After the disappointment of the US jobs report on Friday September 6 and increasing turbulence in Syria, Europe’s markets look to be on the front foot after better than expected data from China and Japan on September 9.
To begin with, Chinese trade data for August pointed to a continued recovery in the world’s second biggest economy.
Exports rose by 7.2 per cent, more than the 5.5 per cent estimate driven by increased demand from the US and Europe.
This was tempered somewhat by a smaller than expected rise in imports, which came in at 7 per cent which would appear to suggest that the drive to stimulate demand domestically is still encountering some difficulties.
In spite of these concerns, it would appear that the recent tax cuts and boosts in infrastructure spending announced by the Chinese government a few weeks ago are starting to have the required trickle-down effect and have raised expectations that GDP growth could come in slightly above the 7.5 per cent consensus.
In Japan, the recent optimism about the economy continued after the country managed to secure the 2020 Olympics, raising expectations of a confidence and a construction boost, while the latest quarterly GDP numbers came in at 0.9 per cent for the second quarter, with business spending providing a significant boost, showing that the current expansionist policies of the new Japanese government continue to filter down through the economy into a strong recovery.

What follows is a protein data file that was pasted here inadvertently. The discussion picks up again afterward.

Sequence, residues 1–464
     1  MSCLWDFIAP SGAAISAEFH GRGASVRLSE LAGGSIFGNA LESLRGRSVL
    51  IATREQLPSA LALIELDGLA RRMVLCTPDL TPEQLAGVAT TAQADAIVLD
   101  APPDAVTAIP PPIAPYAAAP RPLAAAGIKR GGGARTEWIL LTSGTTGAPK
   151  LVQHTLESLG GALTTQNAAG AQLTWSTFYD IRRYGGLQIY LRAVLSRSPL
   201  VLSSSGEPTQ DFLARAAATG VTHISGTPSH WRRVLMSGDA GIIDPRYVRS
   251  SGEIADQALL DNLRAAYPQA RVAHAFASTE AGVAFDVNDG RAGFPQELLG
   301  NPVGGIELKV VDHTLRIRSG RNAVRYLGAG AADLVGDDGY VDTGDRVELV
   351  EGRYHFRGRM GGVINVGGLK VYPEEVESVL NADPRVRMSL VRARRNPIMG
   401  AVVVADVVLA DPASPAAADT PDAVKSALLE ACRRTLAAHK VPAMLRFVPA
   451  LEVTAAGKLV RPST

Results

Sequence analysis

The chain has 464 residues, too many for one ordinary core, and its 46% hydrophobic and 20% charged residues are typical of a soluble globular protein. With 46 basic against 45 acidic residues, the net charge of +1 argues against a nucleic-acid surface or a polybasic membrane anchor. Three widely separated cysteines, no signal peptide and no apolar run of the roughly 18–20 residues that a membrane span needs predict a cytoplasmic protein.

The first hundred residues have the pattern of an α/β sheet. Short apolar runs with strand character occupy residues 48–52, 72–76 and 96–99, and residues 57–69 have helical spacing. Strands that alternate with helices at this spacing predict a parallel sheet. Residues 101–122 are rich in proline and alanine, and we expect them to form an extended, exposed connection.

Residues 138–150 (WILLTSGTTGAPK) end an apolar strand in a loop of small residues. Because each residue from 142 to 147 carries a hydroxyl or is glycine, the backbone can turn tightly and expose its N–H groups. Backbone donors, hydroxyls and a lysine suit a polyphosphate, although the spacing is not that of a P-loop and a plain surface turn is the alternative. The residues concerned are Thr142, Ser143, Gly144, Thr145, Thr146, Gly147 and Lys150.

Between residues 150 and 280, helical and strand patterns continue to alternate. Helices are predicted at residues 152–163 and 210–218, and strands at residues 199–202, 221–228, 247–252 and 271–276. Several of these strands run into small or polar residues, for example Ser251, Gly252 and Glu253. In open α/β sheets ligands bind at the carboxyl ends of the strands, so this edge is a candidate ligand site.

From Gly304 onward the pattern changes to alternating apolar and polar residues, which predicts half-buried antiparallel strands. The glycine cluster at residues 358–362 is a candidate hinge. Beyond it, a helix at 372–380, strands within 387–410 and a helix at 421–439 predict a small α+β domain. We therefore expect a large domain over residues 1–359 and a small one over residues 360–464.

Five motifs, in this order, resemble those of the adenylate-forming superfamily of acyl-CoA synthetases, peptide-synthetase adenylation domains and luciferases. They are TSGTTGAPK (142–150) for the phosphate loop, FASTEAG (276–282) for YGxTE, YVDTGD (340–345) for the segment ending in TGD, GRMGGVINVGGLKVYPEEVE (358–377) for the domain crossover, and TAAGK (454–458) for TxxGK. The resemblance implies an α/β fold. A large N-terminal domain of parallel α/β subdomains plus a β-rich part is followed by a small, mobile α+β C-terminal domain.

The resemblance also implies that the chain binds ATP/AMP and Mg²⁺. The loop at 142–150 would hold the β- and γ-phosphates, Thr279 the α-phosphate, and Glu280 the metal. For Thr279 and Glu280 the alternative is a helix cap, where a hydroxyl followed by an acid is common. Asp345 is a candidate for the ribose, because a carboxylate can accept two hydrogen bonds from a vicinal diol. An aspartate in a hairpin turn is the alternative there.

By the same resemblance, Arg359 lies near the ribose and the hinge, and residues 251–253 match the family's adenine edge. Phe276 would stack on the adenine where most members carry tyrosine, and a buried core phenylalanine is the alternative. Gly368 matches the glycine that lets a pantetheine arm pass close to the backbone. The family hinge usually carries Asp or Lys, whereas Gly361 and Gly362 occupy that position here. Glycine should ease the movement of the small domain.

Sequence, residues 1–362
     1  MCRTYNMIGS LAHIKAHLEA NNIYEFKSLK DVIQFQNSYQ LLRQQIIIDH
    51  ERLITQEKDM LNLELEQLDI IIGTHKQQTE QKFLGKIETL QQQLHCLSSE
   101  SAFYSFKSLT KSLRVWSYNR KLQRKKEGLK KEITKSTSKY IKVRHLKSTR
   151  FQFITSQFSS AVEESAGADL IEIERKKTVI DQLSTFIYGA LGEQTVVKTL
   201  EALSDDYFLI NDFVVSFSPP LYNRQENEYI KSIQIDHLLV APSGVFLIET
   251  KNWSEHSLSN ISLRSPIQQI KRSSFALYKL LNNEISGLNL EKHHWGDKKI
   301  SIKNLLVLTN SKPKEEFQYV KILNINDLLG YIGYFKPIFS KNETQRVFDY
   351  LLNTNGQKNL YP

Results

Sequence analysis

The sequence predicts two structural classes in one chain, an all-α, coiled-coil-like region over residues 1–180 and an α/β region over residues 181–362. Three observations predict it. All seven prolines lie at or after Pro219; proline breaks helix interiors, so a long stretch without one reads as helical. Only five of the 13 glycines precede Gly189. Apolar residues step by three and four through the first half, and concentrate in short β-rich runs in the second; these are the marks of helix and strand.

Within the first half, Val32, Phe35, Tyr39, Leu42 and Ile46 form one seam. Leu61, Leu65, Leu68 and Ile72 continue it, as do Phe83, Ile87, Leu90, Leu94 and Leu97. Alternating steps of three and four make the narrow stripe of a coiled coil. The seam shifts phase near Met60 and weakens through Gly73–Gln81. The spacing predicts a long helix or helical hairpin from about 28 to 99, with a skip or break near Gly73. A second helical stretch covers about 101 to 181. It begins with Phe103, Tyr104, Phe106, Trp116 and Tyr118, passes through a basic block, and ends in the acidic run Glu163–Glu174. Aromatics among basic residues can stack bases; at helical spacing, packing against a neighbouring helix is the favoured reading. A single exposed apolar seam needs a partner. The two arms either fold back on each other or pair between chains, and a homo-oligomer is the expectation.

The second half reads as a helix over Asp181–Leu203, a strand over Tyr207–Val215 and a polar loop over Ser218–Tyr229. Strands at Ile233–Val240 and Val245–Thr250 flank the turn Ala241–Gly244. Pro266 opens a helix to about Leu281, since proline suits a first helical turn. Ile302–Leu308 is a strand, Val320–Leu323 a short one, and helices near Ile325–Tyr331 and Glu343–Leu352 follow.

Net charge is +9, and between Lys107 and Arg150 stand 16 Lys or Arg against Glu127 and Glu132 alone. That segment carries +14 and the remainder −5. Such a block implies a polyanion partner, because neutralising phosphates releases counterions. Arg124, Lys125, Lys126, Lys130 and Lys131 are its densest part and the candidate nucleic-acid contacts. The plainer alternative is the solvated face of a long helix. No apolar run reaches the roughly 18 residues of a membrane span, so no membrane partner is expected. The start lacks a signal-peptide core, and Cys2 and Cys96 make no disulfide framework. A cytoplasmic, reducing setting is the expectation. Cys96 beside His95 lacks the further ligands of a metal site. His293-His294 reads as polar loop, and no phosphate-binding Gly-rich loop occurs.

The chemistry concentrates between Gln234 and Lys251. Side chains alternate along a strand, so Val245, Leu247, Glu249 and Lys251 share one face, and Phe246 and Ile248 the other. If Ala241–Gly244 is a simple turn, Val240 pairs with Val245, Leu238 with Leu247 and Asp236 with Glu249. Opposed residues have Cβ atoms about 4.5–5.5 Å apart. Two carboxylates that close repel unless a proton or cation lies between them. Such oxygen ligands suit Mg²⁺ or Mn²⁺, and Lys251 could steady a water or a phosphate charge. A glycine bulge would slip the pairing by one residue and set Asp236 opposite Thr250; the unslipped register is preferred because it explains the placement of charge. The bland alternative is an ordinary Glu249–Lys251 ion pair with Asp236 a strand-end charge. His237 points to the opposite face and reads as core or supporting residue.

The Australian dollar has also enjoyed somewhat of a pop higher after the landslide weekend election of a new prime minister Tony Abbot, to replace the incumbent and now somewhat dysfunctional Labour Party who have ruled the country for the past six years. The new government is widely expected to be much more business friendly and expectations are high that the coalition will deliver on its promises to scrap carbon and mining taxes as well as cutting red tape.
In spite of this positive data, sentiment is still likely to be driven by news flow surrounding Syria as US President Obama seeks to gain congressional approval for military action in response to the gas attacks in August, as well as continued speculation about the timing of the Fed’s tapering intentions after last Friday’s disappointing August jobs report.
Some have speculated that the fall in the unemployment rate to 7.3 per cent makes it much more likely that the Fed will start their tapering program this month; however the continued fall in the participation rate as well as continued downward revisions to previous month’s data completely undermine the relevance of this particular statistic.
Ultimately, we are probably no wiser as to the Fed’s intentions than we were a week ago.
Meanwhile in Europe, with little in the way of economic data today, all eyes are on Italy after prime minister Letta’s comments of the risk of fresh political turmoil as an Italian senate committee met at the start of this month to begin a debate that could mean Silvio Berlusconi’s expulsion from parliament following his conviction for tax fraud.